Essays on Strategy. 5
NATIONAL DEFENSE UNIV WASHINGTON DC
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To meet the constitutional objective of providing for the common defense requires strategic thinking. Strategies must ponder how the nation can use its capabilities, especially its military power, to meet its political objectives. To do so, they must see beyond the present, anticipating how the nation can remain secure amid changing and sometimes turbulent international conditions. Strategic thinking must, therefore, be innovative. The eight essays in this collection exemplify that kind of thinking. Four of these essays-written by students at our Senior Service College-won recognition in the 1987 Joint Chiefs of Staff Strategy Essay Competition. They address the national security implications of strategic defense Soviet capabilities for operating in the Arctic seas ways for the military services to meet future personnel needs and the debate over continental versus maritime strategies for the United States. A second quartet of essays-written by the former Commander of the US Southern Command, a State Department historian, two military officers with experience on the National Security Council staff, and a senior Australian Naval officer- discuss how the United States should deal with what has come to be called low- intenisty conflict the normalization of US-Vietnanmese relations the capabilities that might determine national power as we move toward the twenty- first century and how the United States ought to modify its policy toward the increasingly important island nations of the Pacific.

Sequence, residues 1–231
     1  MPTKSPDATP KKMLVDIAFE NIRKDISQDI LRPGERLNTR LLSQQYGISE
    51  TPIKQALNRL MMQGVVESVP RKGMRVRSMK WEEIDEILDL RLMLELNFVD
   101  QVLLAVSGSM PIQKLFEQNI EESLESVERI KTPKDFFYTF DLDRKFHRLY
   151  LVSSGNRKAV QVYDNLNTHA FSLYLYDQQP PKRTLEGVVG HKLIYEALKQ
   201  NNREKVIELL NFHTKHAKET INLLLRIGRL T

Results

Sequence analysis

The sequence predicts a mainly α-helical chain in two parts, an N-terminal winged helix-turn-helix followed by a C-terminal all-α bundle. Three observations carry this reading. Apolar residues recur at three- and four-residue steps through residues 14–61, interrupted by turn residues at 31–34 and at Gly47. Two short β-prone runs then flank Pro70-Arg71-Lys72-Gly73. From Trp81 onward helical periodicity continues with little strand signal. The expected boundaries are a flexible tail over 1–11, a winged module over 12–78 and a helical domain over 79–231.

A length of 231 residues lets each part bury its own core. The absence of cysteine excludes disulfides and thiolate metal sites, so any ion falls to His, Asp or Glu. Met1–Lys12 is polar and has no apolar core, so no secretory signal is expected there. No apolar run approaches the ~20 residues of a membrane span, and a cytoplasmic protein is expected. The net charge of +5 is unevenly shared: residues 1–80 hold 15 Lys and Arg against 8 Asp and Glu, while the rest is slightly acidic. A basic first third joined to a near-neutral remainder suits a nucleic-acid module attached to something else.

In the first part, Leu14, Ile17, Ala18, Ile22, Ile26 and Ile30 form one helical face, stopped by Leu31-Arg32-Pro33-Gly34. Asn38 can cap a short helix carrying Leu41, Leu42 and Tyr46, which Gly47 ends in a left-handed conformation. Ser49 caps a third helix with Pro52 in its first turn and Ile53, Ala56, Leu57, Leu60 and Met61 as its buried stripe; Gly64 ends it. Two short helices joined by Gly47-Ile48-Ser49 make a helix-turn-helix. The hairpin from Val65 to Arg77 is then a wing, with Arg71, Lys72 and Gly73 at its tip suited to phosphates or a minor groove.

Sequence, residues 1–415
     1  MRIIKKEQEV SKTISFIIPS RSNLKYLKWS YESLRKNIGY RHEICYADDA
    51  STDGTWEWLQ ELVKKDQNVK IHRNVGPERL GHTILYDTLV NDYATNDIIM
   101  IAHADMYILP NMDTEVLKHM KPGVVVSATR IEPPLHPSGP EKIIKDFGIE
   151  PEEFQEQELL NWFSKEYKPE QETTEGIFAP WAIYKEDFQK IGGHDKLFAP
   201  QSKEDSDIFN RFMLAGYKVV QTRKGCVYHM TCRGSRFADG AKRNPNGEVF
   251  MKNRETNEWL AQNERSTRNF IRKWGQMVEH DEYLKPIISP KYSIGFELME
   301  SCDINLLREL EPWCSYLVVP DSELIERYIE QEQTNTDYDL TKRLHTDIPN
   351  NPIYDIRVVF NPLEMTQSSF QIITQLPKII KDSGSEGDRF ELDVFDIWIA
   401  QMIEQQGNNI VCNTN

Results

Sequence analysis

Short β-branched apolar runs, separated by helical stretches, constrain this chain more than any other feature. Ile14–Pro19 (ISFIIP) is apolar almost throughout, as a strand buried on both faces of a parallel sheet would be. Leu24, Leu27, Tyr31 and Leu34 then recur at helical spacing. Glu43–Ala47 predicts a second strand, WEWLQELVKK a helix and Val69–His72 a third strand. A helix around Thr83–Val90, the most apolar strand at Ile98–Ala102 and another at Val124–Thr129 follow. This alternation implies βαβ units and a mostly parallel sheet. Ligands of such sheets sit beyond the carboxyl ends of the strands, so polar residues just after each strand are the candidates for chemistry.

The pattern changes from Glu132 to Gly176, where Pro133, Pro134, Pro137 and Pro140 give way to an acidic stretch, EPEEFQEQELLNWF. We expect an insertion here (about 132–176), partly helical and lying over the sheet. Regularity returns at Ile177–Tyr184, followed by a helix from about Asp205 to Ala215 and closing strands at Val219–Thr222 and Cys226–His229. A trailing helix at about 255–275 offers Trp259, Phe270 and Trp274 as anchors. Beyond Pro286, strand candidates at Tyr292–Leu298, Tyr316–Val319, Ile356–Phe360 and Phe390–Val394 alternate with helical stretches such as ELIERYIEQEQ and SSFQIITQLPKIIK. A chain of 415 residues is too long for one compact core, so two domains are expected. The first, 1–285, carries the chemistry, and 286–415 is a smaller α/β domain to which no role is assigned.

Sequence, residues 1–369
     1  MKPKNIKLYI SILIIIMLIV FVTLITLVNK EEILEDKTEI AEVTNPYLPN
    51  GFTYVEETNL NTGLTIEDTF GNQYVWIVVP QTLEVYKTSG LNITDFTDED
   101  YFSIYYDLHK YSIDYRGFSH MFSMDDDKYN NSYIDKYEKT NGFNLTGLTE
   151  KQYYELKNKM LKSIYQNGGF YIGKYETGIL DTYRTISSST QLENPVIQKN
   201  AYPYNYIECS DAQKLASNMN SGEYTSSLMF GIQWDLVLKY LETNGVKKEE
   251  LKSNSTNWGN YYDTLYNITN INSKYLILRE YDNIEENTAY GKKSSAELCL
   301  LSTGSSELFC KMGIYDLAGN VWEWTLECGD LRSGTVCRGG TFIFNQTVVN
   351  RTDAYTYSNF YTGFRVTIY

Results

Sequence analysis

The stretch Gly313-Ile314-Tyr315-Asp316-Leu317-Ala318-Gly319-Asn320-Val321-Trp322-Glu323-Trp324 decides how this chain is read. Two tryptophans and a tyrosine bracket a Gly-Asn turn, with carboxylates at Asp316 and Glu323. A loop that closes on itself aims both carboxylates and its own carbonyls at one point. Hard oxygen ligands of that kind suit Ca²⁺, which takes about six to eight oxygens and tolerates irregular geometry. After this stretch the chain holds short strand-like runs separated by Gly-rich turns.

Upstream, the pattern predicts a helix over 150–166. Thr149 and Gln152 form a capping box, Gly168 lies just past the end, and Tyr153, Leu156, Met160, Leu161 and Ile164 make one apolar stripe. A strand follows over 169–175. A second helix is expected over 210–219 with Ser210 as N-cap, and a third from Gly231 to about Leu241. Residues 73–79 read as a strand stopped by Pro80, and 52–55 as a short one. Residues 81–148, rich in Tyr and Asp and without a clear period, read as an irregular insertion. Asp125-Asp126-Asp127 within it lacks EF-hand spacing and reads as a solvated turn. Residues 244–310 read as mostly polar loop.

- Government and Political Science
- Military Operations, Strategy and Tactics